Southern Growers Share Their Corn Questions

January 9, 2011 09:53 AM

An enthusiastic group of nearly 75 farmers gathered in Atlanta this week for the inaugural Farm Journal Corn College South event, held in conjunction with the 2011 Ag Connect Expo. 

During the two-day event, Farm Journal Field Agronomists Ken Ferrie and Missy Bauer fielded a variety of agronomic questions about raising corn in the South.  Here are a few of the questions growers asked, as well as summaries of answers Ferrie and Bauer provided.
What causes short corn ears?
A variety of stresses can contribute to this problem, depending on the year. Insufficient nutrients and/or excessive heat are common causes. Insects, disease and drought can also contribute to the problem.
How can I use nitrogen effectively in corn?
Knowing how a corn hybrid responds to nitrogen can help you determine where to place that particular hybrid in your fields and how to manage the nitrogen that it needs. Part of that process includes knowing that the amount of carbon present in a field impacts nitrogen availability. We call this the carbon penalty, and it’s good that growers know that large volumes of crop residue will lead to the immobilization of nitrogen in their fields. In corn-on-corn or fields with a high carbon penalty, plan on using extra caution in managing nitrogen with those hybrids that prefer it early. If you plant hybrids that like nitrogen late and on soils with high susceptibility to leaching and denitrification, a late-season nitrogen application may be beneficial.
How do I know whether I’m achieving adequate down pressure when I plant?
  • Use these guidelines to manually check down pressure:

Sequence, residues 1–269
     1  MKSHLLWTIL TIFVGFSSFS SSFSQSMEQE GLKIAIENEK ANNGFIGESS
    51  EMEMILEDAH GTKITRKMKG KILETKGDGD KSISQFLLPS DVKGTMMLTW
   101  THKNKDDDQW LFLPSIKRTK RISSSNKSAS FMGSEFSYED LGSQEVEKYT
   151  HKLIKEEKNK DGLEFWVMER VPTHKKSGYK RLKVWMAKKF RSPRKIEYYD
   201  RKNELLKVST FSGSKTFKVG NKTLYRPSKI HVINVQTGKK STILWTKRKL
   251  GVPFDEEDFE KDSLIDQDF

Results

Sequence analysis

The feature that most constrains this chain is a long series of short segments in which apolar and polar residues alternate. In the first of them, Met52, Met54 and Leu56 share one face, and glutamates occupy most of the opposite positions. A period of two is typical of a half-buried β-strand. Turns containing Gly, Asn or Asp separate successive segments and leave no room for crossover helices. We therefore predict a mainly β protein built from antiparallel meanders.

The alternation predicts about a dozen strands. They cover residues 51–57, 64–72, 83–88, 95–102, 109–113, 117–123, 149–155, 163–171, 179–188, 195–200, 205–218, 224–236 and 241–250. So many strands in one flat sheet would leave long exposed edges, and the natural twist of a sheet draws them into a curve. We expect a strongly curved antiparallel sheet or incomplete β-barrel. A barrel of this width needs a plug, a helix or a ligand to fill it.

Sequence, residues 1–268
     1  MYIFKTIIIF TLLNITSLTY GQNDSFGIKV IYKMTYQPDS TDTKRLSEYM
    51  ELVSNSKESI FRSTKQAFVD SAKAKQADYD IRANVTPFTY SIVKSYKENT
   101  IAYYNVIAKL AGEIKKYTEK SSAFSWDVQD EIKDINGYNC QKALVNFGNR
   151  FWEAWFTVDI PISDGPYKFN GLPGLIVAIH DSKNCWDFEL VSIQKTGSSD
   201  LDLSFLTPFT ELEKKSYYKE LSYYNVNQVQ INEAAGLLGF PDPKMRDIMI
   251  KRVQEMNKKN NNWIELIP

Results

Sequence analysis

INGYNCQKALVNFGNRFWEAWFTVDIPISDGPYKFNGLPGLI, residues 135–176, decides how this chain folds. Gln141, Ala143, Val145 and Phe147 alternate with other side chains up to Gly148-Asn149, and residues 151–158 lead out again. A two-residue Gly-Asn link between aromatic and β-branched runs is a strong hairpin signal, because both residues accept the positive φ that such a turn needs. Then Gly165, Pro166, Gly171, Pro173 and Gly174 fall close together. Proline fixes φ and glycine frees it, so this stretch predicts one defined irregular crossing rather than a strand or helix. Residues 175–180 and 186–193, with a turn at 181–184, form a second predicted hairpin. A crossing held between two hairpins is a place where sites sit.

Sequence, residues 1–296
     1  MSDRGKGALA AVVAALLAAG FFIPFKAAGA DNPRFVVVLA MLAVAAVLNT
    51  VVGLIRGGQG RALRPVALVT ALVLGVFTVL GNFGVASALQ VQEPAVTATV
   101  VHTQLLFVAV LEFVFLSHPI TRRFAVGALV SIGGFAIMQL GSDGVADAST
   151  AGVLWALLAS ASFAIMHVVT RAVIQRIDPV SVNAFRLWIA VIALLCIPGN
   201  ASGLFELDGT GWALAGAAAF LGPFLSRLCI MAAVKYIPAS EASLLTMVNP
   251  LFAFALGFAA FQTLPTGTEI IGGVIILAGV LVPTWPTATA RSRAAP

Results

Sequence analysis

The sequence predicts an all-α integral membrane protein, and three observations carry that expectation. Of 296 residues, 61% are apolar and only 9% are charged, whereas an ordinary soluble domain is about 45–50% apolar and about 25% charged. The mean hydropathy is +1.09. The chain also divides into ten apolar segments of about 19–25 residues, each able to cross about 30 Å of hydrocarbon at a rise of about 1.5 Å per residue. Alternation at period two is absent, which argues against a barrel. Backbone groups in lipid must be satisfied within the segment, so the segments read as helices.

• Stop your planter in the toughest part of the field and leave it in the ground.
  • Grab the depth wheels and see if you can spin them.
  • One wheel should be making contact with the ground to the point where you can slip it, but it is difficult to do so.
  • If both spin free, there is not enough down pressure.
  • If you can’t slip the wheel, then there is too much down pressure.
  • You want good solid contact, but you also want to be able to slip the wheel.
  • You can also observe the effects of down pressure above ground. Walk behind your planter pass to look at the planter footprint--the depressions and imprints left by the depth wheels. The footprint of the planter can tell you what kind of down pressure is needed. If the footprint isn’t consistent, there is not enough down pressure. A very pronounced footprint means that a lot of soil was moved around by the planter and there is too much down pressure.
What causes uneven spacings in corn?
After corn emerges, there are simple ways to determine the causes of problematic plant spacings. For instance, a double occurs when the planter meter picks up two seeds and drops two at the same time. In the field, you can tell whether this is what occurred when it looks like you have good uniform spacing on either side of the two plants that are too close together. However, a misplaced seed looks different from a double. With a misplaced seed, while the spacing is still real close together, you will see a gap from where the seed should have been on one side of the grouping. In this case the meter functioned properly in releasing one seed at a time, but there was ricochet in the seed tube, which caused the seed to bounce and the timing to be off.
Is manure a good source of nitrogen for corn?
The nitrogen in your manure is as good as any other source of nitrogen you can buy.
Neither manure nor banded nitrogen do a good job of paying the carbon penalty in the spring, however, because the manure has to decompose to become available to the corn. You’re applying the nitrogen in a concentrated form, which doesn’t help the breakdown of residue on the surface, and it’s too far away from the small plants.

Once your corn plant gets enough depth of root, it should reach the nitrogen and pick up its color to turn green. But corn can go through a tough period before its roots reach the source of nitrogen. Think about backing up your manure rate. And save some of your nitrogen to apply in a spring surface application, or put some of the nitrogen allotment on with your corn planter. Applying nitrogen with the planter will help the corn early on until it can grow to reach the banded manure.
You can gather more information about Farm Journal 2011 Corn College events at:

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